I was diagnosed with PMDD in 2009. I do not see any references to PMDD on your website?
Do you offer any separate recommendations regarding this topic?
I am 47 approaching peri menopause and it is getting worse. I also have Hashimoto’s
I’d love your feedback!
Ps. I took your V -test!
Alisa Vitti says
Hi Nicole, PMDD and other hormone imbalances are treated from a holistic standpoint – You may notice that I mention symptoms and how to understand the sources and then heal them. This is because rarely is a condition uniform for all women, but the causes of the imbalances are the same. Please reach out if you would like more support!
ANGELICA OFFUM says
my period is ceased for some years now , what can I do ,I have a child and i’m trying to conceive please help me
Sarah Taylor says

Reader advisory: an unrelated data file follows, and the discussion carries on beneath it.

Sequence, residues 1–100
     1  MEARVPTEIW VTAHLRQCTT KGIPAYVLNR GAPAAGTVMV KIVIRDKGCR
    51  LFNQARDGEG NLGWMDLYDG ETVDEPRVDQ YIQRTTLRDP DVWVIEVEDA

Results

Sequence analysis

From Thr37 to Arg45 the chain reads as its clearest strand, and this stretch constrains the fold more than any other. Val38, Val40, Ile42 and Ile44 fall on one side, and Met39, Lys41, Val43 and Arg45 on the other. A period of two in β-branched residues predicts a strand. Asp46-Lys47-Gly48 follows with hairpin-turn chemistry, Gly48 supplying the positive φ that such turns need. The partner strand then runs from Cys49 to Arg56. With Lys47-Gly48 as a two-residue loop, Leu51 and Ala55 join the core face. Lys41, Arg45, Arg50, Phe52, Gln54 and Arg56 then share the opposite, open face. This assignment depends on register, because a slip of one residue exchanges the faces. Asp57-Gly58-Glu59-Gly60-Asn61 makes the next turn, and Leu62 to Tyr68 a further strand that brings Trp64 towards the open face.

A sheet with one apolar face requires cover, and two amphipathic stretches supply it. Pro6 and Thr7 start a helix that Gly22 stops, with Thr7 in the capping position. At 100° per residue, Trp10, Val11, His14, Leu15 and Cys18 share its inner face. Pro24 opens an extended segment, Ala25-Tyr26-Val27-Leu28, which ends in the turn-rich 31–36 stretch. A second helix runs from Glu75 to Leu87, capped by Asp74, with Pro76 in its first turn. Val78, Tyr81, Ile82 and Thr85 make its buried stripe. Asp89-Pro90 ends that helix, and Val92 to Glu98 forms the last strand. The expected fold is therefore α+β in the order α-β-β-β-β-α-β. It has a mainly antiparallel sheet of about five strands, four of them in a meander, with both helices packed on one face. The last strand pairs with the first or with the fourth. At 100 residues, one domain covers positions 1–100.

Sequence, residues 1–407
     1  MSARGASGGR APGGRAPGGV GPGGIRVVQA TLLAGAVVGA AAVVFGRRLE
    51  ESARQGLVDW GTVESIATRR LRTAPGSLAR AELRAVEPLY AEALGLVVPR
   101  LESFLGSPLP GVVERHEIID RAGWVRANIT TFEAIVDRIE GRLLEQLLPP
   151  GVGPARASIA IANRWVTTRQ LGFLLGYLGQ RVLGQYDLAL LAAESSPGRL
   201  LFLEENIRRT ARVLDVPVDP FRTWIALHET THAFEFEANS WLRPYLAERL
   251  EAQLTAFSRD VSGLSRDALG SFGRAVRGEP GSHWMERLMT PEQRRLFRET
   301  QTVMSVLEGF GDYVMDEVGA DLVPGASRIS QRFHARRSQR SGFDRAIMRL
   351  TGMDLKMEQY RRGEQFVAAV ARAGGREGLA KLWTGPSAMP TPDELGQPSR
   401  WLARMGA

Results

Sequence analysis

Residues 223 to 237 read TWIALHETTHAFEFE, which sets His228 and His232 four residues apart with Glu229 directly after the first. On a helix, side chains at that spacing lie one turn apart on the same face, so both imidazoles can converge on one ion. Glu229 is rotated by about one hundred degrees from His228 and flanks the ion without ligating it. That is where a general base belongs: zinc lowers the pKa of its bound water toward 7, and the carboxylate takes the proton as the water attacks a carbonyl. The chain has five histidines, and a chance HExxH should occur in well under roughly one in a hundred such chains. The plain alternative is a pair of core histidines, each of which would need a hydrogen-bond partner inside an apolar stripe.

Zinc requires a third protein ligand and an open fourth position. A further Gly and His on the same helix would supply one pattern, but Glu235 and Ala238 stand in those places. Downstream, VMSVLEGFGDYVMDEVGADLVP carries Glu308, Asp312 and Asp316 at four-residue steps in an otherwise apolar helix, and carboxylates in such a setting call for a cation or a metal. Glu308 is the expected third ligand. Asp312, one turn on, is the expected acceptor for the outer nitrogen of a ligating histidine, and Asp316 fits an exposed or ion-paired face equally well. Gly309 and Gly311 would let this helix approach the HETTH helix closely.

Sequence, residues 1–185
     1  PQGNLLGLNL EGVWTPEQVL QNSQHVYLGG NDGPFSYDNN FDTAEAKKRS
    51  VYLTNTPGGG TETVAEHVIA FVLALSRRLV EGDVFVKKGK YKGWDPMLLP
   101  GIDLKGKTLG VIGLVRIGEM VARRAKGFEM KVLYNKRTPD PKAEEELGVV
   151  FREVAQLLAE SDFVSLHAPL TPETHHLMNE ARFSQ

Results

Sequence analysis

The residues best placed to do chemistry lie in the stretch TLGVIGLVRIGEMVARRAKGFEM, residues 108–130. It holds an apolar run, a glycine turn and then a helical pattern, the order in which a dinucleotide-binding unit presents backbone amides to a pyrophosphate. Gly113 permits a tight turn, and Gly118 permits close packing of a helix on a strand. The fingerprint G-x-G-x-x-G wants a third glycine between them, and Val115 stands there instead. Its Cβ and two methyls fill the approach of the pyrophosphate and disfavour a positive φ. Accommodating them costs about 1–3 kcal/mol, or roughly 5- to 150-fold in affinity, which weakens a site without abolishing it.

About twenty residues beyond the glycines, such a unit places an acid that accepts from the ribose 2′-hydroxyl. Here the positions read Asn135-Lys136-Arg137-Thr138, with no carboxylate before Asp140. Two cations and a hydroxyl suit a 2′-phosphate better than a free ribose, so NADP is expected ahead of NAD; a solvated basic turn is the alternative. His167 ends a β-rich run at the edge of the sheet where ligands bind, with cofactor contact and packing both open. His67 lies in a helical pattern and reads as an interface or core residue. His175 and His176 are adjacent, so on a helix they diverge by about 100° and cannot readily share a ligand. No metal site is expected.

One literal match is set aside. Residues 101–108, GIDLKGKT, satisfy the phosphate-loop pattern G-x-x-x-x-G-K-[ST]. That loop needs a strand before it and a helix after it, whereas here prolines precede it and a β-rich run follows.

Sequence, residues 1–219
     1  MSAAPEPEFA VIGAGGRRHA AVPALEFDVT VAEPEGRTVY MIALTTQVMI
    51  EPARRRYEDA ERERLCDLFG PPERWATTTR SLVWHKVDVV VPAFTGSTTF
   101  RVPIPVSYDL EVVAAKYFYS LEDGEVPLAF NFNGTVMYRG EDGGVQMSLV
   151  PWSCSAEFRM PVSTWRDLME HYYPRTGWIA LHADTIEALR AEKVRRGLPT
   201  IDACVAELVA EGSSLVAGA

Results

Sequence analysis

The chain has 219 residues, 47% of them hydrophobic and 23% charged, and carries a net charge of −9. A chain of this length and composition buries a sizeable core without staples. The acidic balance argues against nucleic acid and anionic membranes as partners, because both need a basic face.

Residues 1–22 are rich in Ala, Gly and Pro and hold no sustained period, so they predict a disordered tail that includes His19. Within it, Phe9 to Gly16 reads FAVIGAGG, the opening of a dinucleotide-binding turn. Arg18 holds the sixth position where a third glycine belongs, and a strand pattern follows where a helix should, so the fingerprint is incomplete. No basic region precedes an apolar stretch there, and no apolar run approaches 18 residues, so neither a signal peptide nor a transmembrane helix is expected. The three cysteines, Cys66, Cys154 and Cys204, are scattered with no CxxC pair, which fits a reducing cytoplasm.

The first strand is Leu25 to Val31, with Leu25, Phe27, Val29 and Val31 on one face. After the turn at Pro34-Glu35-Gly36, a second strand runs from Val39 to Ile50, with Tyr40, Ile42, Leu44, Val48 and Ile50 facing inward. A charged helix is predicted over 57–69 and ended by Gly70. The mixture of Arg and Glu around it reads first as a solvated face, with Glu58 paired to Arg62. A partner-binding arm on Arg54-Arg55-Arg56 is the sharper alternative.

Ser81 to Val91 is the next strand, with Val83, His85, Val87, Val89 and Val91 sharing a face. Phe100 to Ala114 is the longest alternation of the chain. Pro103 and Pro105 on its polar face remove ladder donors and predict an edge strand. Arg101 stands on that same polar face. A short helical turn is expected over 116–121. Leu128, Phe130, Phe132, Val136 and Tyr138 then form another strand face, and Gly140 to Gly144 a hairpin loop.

I turned 40 in March and my periods before that have pretty much been regular, falling on the same date of the month every month. When I get stressed they have been known to be anywhere from 10-20 days late. That being said ever since I turned 40 it was like something changed. My periods have not been every 30-31 days like they normally were. In March I came on the 42nd day. In April I came on the 29th day. In May I missed it all together and came on June 4 which was the 39th day. And now we are in July and I was scheduled to come on July 5 and I still haven’t, I’m on my 35th day now. I’m worried because I haven’t had kids yet and I don’t want to be going through peri-menopause. It’s so odd because my PMS symptoms are sooooo much better now. I used to have them bad! But my periods are all over the place. I was told this means I’m not ovulating every month. Should I seek medical help? I am currently taking a B complex, I3C, magnesium, probiotics, VitC and Zinc and protein powder. I am plant based. I am not sure if this is related to stress about my marriage not working and it possibly coming to an end. But I want so much to have a healthy flow and I don’t have any signs or symptoms of any female issues. Send help!